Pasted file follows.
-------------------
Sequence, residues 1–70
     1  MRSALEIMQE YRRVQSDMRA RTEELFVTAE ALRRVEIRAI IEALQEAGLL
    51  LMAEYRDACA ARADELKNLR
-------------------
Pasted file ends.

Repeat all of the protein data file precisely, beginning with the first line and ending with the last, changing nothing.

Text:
Sequence, residues 1–70
     1  MRSALEIMQE YRRVQSDMRA RTEELFVTAE ALRRVEIRAI IEALQEAGLL
    51  LMAEYRDACA ARADELKNLR